Monday, 17 November 2014

10 More Gyaru Brands

Gyaru brands come in and out of Shibuya 109 like a revolving door. In comes a new brand, out goes a dearly beloved brand that just couldn't make it (remember when everyone loved W♥C?) in the number one fashion haven. With that in mind it's time to look at some of the brands we didn't look at back in 2012 when there was the little Gyaru Month back on the blog.

Ank Rouge

Following the sweet style and taking cues from the famous Liz Lisa, Ank Rouge follows the himekaji style to a route. It's a little different from Liz Lisa so it's perfect for those girls who love himekaji but aren't a fan of the cookie cutter look that Liz Lisa has a tendency to bring with it.

Popular with: Himekaji, Hime Gyaru, Roma Gyaru


Also known as Yumetenbo.

DreamV may not be considered a 'brand' by some but it's cheap, affordable gyaru clothing that ships overseas. It follows himekaji and agejo styles mainly but with cheap shoes and cheap clothes it's easy to mix and match for the perfect look.

Popular with: Himekaji, Agejo, Rokku, Onee


Ghost of Harlem's main aim to make clothing that 'expresses the unusual world'. Now, Ghost of Harlem isn't a Shibuya 109 store and is found in La Foret and Harajuku but it's still a gyaru brand; the girls love it. Sakurina is a huge fan of the brand and models for it. She's also snapped shopping there frequently.

Popular with: Rokku, Harajuku


JSG is a fun brand (think: Galaxxxy). Whilst it might not fit the gyaru style outright a few items tend to be picked up and used. Standing for Japanese Super Girl the brand is fun with bright prints and bold, brash colours. It's not for everyone.

Popular with: Manba, Tsuyome, B-Gal, Gyaru-kei, Harajuku


JugeETTA is Liz Lisa's older sister. It has himekaji and roma elements whilst being suitable for the older girls who are afraid that they have outgrown Liz Lisa. It's not as sweet as Liz Lisa and definitely has a more mature look that some girls who can't give up himekaji are looking for.

Popular with: Himekaji, Roma Gyaru, Onee

Laguna Moon

At a first glance, Laguna Moon may not scream, "THIS IS GYARU," at you as it looks somewhat similar to what you could find at your local shopping centre but I assure you, it is. The gyaru who grace the pages of magazines love this brand. This is more suitable for your onee girls.

Popular with: Onee

me Jane

It genuinely makes me sad that I never see girls announce that they're wearing me Jane. They're another onee kind of brand with a celebrity like look. The clothes I've seen are luxurious and more glamourous than that some of the other stores offer. It can be overlooked easily, though.

Popular with: Onee, Gyaru-kei

Princess Melody

Another hime gyaru brand. It's a little more agejo style than the others whilst still being distinctively hime. It's not as elaborate as Jesus Diamante or La Parfait but the dresses are genuinely nice and it's modelled by Himena, one of the leading himegyaru models.

Popular with: Himegyaru

Sexpot Revenge

Dark, gritty and edgy, Sexpot Revenge is another rokku brand. What's unique is that as well as women, this brand also caters to mean and is more likely to be seen on the page of Kera than it is Popteen.

Popular with: Rokku, Harajuku


Things you never thought you would have to say: "I got my shirt from titty." titty&co. is a nice brand that manages to cover a wide range of styles without sitting too much in one substyle.

Popular with: Onee, Roma Gyaru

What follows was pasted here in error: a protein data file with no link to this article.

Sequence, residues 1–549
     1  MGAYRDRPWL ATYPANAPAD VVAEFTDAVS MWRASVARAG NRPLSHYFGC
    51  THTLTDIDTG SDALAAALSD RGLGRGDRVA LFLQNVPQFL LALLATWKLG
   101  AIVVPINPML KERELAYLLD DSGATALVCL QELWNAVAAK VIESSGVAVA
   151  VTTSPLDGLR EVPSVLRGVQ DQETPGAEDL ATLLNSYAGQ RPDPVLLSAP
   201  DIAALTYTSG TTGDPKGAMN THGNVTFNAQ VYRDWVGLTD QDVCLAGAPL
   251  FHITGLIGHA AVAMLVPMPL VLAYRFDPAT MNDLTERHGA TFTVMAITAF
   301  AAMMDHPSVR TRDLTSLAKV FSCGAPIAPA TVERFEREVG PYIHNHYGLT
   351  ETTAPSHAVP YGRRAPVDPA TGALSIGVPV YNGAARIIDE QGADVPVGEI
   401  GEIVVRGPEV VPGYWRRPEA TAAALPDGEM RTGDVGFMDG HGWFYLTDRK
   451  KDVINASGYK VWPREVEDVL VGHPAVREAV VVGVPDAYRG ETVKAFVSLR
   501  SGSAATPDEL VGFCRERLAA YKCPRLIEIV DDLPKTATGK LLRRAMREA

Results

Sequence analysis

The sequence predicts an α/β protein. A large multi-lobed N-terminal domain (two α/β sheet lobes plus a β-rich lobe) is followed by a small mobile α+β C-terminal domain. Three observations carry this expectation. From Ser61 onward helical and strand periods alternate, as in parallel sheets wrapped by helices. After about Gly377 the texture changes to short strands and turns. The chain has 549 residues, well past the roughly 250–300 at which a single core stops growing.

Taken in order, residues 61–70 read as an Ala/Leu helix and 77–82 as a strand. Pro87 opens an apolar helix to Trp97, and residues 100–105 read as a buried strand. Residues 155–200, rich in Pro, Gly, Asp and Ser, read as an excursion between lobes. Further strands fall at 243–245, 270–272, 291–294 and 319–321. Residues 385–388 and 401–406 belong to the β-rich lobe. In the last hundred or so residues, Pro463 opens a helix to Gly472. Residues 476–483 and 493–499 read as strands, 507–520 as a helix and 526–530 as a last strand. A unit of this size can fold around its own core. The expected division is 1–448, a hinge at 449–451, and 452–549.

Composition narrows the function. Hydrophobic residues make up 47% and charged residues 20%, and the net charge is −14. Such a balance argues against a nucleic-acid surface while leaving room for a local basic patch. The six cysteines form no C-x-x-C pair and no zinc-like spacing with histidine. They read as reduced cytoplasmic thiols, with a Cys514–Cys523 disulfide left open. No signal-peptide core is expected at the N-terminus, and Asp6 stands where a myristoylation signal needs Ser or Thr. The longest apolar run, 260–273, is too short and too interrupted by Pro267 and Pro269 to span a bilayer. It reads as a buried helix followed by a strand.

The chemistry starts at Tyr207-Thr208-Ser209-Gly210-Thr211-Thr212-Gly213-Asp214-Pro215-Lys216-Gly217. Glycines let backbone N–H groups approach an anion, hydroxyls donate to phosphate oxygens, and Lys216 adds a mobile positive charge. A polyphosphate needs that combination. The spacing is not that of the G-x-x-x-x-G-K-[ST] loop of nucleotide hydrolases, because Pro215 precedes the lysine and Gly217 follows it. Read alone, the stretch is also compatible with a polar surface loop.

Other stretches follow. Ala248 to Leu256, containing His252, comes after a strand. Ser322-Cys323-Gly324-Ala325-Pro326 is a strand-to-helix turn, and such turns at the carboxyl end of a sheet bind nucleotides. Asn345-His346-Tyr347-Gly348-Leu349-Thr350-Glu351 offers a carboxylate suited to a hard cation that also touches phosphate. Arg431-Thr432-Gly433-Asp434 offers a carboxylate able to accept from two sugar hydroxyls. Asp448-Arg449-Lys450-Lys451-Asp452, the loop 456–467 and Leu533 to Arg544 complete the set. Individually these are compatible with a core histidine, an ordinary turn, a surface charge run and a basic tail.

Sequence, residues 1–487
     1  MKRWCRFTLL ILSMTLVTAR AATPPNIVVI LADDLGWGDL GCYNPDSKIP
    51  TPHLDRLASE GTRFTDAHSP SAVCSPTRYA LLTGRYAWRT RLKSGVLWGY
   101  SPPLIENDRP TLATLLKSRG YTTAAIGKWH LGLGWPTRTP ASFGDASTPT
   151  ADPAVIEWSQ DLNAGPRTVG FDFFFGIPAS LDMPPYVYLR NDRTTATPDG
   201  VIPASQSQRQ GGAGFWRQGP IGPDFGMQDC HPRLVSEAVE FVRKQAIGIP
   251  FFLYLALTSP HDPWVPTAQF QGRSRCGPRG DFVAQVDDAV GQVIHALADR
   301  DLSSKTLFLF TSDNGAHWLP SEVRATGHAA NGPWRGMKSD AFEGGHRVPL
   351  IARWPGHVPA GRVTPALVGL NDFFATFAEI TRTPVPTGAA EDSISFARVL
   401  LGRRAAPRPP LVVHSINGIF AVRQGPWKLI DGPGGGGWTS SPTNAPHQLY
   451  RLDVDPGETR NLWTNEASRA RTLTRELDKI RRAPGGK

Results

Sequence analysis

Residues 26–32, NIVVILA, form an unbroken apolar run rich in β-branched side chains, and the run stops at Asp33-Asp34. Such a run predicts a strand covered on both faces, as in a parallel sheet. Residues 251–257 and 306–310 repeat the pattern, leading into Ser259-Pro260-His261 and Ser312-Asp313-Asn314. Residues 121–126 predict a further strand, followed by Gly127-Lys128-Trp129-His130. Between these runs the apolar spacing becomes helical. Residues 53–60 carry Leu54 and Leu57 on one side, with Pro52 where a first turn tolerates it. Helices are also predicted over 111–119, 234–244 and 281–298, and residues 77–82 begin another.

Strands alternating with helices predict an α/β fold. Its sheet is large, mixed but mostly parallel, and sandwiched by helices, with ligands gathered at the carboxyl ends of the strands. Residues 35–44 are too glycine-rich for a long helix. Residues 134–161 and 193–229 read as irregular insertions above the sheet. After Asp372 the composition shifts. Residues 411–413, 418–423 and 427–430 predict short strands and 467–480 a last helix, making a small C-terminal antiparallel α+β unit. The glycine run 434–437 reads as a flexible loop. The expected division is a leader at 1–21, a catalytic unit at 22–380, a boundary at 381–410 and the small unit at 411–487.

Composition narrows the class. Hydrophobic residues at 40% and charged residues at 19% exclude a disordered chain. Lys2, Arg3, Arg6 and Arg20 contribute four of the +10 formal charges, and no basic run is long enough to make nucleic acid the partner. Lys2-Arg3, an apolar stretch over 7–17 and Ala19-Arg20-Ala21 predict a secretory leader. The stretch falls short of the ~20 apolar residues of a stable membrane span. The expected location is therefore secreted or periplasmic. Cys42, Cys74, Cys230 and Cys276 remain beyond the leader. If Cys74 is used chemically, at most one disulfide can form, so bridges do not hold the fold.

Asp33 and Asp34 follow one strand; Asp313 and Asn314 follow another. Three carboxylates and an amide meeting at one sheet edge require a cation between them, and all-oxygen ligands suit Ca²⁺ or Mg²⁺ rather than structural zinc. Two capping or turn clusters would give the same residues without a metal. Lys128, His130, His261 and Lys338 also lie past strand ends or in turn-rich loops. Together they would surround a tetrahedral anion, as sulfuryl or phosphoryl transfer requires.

There are so many gyaru brands! What's your favourite?

Stay sweet. ♥

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Monday, 10 November 2014

Gyaru Makeup CHEAT SHEET

Make-up. Every girl uses it, whether they love it or hate it.

I personally adore make-up as it allows me to change myself into someone who looks better than they usually do. Make-up is absolutely essential in gyaru; without their trademark eye make-up a gyaru is nothing. Not even gyaru. Nope. Don't even try arguing that you are when the basics just aren't there.

But not to worry, I've brought what I call a cheat sheet for you girls.


The first step is breaking down gyaru make-up. Most gyaru will wear the same kind of make-up but how heavy they wear it is completely optional on what style they're going for. Someone embracing oraora-kei is going to want to wear more eyeliner than someone who is himekaji. An agejo girl is going to have darker and more prominent blush than a girl who is dedicated to onee-gyaru.

One of the gyaru who wears the most 'natural' make-up to me at the moment would be darling Tsubasa Masuwaka.

Forgive the crude image, I'm terrible at Photoshop. Truthfully she probably wears more than this but my arrows won't fit that much sadly! As you can see there's, well, a lot of product there and that's without including her hair styling. A gyaru's make-up is important to her whole look and looking gyaru. I did a post on before and afters which shows the sheer difference that gyaru make-up makes.

See the below image of Serina. She wears a lot of the same kind of make-up as Tsubasa but applies it differently, giving her a heavier make-up look but still distinctively gyaru.

Her eyelashes are a lot more dramatic than Tsubasa's and her contouring is a lot more noticable but they essentially are using the same make-up types. The difference is that it's applied differently.

Something to note is that although both girls are wearing nude eyeshadows, it's not uncommon for gyaru to wear bright eyeshadows and others. I used browns for the sake of this comparison.

A gyaru tends to have a nude lip but some gyaru choose to wear brighter lip colours such as red on occasion. It's not usually a day to day thing.


Contouring is amazing. It can make you look like you have a completely different face from the one you were born with. Recently make-up artists have praised contouring, particularly in the Western scene, but contouring has been a thing for years in the gyaru scene. It can change the shape of your nose, give you cheekbones, etc.